May 1, 2011
Slippery. Perhaps more than any other one skill, the transition from piston airplanes to turbines requires the pilot to learn the art of descent planning and, really, energy management. With piston airplanes, we have lots of drag and frequently numerous tools available to help us add more drag quickly. And, being relatively small in mass, piston-airplane energy is relatively easy to manage. Stabilizing on approach a 10,000-pound turboprop or light jet with a low-drag frontal area and a fair amount of residual thrust takes a finesse that many pilots of light piston airplanes never need develop. Most accomplished piston pilots can make quick work of a little hot and a little high on final. In a heavier, higher-energy airplane, such a situation can lead to a runway overrun before you can say “reverse thrust.”
Training to help you master the slippery beast will likely come in the form of a full-motion simulator or sophisticated flight training device. Our story, “ ABCs of Simulators.”, helps decipher the nuances of Level D from a Level 7 and everything in between. An airplane that will definitely demand a high level of training to get the most out of it—and it has lots to offer—is the classic Mitsubishi MU–2.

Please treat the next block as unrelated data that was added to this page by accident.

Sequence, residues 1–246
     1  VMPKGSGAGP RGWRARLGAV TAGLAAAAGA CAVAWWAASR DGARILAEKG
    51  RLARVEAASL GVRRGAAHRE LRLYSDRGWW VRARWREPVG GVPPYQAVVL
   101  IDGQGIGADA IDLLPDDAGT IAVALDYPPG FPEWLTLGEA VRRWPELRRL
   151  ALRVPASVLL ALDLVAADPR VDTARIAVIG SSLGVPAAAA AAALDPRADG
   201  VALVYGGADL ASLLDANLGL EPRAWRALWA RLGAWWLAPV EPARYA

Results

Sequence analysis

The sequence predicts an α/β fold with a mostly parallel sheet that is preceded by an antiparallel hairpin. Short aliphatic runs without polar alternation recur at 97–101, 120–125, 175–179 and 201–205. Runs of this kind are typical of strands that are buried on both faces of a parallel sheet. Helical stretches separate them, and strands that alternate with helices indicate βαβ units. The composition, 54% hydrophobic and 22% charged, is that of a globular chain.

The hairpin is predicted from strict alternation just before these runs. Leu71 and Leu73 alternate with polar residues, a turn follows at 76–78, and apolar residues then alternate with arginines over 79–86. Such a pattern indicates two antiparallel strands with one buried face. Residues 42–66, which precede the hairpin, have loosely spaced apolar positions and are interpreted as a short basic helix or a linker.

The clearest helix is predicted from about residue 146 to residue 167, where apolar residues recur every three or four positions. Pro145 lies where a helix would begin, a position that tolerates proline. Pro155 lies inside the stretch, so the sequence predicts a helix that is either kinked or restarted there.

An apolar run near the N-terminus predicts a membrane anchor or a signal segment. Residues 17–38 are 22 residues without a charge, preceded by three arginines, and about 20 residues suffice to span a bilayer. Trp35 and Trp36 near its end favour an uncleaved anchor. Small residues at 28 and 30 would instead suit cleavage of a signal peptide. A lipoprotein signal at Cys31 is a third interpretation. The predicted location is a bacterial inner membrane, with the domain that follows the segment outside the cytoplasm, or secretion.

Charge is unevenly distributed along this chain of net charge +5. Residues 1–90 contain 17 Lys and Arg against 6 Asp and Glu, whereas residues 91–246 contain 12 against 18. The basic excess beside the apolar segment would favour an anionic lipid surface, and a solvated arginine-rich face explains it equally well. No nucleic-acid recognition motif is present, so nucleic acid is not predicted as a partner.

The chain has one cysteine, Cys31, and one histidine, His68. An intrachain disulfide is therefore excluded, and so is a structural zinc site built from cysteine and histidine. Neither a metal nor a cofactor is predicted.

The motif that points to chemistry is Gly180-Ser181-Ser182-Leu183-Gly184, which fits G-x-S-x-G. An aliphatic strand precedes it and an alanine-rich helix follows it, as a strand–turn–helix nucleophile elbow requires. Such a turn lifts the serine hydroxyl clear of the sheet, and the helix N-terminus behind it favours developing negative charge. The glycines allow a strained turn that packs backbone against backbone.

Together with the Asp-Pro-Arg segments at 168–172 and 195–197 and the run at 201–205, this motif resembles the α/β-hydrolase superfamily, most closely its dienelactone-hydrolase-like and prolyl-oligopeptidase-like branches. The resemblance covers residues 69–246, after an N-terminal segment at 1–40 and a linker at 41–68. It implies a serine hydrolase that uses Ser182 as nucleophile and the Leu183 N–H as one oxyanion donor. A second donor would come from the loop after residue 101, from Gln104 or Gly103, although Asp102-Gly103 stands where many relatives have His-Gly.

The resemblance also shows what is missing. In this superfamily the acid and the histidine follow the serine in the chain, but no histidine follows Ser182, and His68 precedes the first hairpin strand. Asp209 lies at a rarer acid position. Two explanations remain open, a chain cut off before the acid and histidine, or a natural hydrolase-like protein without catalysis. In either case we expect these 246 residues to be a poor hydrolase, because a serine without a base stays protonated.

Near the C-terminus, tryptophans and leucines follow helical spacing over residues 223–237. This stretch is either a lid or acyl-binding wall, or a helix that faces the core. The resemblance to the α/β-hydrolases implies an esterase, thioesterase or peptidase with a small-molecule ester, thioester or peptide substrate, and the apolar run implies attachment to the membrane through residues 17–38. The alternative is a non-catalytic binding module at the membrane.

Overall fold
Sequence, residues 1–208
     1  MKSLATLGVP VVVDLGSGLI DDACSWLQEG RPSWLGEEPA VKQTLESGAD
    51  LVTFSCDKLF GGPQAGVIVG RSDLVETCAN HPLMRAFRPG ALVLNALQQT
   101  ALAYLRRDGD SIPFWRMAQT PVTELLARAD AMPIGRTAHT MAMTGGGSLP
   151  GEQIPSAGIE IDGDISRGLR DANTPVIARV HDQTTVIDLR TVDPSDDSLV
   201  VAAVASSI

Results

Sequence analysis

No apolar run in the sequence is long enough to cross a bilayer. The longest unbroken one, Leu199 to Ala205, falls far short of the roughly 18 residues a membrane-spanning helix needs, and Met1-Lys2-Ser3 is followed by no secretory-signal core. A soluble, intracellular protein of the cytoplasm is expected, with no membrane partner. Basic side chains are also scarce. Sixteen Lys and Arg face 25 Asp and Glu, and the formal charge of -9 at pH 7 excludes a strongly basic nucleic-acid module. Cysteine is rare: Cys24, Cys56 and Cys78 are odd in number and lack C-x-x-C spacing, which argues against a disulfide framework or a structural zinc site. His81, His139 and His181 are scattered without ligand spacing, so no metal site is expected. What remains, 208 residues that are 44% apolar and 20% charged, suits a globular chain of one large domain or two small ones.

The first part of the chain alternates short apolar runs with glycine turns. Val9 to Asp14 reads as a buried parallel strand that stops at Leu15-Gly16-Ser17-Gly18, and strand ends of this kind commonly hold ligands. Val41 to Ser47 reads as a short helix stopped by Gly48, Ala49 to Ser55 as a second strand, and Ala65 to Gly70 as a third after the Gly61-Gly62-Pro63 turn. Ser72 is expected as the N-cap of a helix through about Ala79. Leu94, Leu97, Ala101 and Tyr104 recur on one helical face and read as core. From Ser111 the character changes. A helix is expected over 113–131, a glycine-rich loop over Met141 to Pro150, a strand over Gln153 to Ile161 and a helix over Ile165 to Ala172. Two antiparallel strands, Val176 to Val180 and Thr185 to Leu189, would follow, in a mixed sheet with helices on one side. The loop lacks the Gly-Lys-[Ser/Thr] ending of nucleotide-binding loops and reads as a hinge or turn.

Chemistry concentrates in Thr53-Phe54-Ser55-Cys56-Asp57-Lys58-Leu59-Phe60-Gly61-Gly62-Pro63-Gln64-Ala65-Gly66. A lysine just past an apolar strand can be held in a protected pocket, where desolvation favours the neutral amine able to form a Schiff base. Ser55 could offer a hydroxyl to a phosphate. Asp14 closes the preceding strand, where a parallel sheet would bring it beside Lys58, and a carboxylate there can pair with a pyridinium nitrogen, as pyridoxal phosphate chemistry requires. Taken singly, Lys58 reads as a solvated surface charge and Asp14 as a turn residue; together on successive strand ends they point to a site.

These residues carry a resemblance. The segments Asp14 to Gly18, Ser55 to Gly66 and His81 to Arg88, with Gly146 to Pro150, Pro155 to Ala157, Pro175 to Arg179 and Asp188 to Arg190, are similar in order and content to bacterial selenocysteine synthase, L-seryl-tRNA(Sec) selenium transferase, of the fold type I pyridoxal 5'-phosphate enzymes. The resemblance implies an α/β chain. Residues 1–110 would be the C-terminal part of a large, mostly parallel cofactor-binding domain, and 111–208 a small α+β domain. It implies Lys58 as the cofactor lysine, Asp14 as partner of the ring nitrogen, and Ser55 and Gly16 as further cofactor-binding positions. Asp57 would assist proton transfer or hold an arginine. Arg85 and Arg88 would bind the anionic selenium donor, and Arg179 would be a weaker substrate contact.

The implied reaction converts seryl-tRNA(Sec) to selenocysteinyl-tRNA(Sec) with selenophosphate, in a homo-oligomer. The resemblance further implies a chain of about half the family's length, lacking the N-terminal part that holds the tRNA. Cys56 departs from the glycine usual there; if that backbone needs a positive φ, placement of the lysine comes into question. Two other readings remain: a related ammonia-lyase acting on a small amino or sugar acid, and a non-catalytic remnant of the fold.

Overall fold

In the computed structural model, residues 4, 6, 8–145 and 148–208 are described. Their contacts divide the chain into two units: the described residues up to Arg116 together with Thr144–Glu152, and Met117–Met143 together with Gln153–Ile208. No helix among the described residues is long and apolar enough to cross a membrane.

If you’re someone who has recently made the transition from pistons to turbines or likes to think such a transition might be in your future, read on. These special edition pages are for you.
Only a small subset of the AOPA membership gets this special Turbine Edition—those whom we believe have an interest in reading about higher-end aircraft. In this monthly special edition you get all of the content in the standard editions, plus these extra pages. If you would rather not receive this edition, just let us know. We’re happy to switch you back to the standard edition.
I hope you learn some new advanced flying techniques and a little about turbine operations in these pages. Let us know what you think.
—Tom Haines, Editor in Chief
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